Ethiopia and its forest resources
Teksti Kassa Lemma
Ethiopia is the second-most populous nation in Africa, with over 85.2 million people. It is also the 10th largest African country, occupying an area 3.3 times the size of Finland.
Despite the bad images of famine and drought, Ethiopia has a rich and colorful history. It is home to the ancient bones of our most famous hominoid ancestor, Lucy. The headwaters of the mysterious Blue Nile are located here. It is also the only African country to retain independence throughout its history and home to eight World Heritage sites. Ethiopia has some of Africa’s highest mountains as well as some of the world’s lowest points below sea level. The largest cave in Africa is located in Ethiopia at Sof Omar and the country’s northernmost area at Dallol is one of the hottest places year-round anywhere on Earth.
There are altogether around 80 different ethnic groups in Ethiopia today. It is also a country where Christians and Muslims lived together in harmony for long period of time. Ethiopia is largely an agrarian country with over 85 % of its population working in the subsistence agricultural sector.
The Ethiopian ortodox church has played a great role in forest preservation. Over 31,000 churches exist throughout Ethiopia, most of them surrounded by forest. I believe some of the oldest forests and biodiversity are found in and around the churches.
In the late nineteenth century, between 30 and 40 percent of the country was still covered with forest. Some of these were moist coniferous forests, found at elevations above l,600 meters, but a majority of the forestland consisted primarily of woodlands in dryer areas.
There is no definite information aboutEthiopia’s current forest cover. According to the FAO, the country’s forest cover is more than 10%, but many Ethiopian professionals stick to that it’s only 2.7%. The Ethiopian government claims that it’s 9%. I have never seen any scientifically viable document about the earlier 40% and current 2.7% forest cover. One thing is at least clear: The forest cover has been decreasing over the last 6000 years both due to natural and artificial factors.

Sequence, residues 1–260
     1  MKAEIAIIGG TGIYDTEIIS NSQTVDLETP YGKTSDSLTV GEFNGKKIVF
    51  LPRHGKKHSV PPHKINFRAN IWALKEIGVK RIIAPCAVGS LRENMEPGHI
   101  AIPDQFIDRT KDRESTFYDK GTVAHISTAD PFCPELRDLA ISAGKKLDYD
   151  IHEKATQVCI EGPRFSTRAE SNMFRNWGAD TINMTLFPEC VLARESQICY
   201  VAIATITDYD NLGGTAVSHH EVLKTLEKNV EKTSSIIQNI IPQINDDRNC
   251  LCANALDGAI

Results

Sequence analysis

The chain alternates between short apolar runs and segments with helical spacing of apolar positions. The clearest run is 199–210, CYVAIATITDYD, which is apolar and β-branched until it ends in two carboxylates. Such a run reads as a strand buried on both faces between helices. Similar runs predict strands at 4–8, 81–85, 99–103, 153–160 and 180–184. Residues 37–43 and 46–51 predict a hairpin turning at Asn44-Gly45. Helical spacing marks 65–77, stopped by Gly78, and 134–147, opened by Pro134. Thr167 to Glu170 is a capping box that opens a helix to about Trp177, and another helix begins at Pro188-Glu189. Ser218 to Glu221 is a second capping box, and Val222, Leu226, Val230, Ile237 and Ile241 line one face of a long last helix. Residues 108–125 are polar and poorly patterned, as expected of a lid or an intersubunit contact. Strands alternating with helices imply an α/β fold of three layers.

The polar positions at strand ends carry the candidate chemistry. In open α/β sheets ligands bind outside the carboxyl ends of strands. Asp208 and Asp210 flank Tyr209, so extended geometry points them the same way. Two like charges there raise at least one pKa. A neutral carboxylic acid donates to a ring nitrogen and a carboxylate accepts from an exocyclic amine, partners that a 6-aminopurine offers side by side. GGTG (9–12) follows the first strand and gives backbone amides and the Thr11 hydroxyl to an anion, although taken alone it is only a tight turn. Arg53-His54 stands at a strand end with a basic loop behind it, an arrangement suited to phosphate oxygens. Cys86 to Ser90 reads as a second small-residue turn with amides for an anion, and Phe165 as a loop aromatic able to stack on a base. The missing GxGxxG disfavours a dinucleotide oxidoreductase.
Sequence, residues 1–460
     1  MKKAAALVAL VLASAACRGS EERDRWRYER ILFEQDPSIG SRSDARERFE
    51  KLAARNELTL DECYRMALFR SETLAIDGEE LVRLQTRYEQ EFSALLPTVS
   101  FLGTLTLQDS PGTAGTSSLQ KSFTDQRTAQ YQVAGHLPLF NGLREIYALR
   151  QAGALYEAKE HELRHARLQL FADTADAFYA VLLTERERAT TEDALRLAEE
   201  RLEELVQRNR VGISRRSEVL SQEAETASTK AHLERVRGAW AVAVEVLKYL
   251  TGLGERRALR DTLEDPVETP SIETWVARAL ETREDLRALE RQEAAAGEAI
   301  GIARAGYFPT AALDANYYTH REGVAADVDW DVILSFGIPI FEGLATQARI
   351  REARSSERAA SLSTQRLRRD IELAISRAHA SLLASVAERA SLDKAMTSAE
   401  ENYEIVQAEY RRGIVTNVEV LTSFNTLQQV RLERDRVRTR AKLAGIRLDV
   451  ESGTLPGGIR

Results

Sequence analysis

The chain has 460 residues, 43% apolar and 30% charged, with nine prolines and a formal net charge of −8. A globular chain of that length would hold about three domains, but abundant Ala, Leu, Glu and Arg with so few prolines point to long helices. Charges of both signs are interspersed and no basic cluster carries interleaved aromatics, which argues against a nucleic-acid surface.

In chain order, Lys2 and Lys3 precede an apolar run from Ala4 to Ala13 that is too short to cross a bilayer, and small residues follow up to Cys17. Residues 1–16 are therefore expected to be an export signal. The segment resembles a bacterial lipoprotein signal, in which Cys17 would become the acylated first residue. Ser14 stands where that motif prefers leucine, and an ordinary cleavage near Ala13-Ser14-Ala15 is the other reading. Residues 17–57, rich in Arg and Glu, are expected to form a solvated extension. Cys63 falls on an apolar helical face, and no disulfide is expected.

The differences in the estimated forest cover might arise from differences in definition. The government figures are based on number of seedling raised or planted in the last few years, with no inventory on survival and no categories of which forest type. Professionals too are taking their figures simply from the blue. They could have been checked with the use of current GIS technology and comparison with earlier data (aerial photos or others).
Although the data about the Ethiopian forest in the past and present remains debatable, it is easy to notice the critical situation of the forest cover. There are tangible facts that Ethiopian forest resources are degraded at an alarming rate. As many others, I am convinced that the major cause of deforestation is the rapid population growth, which leads to an increase in the demand for crop and grazing land, wood for fuel and construction. Lack of viable land use policy and corresponding laws has also aggravated the rate of deforestation. New settlements in forests are increasing and is resulting in the conversion of forested land into agricultural and land use systems.
At present, the few remaining high elevation forests are threatened by pressure from investors who are converting the moist evergreen montane forests into coffee and tea plantations.
Kassa Lemma is an Ethiopian forester living in Finland. He has also studied Soil and Water Conservation in Ethiopia and Integrated Water Resource Management in Sweden. This summer he is doing an internship in Luonto-Liitto.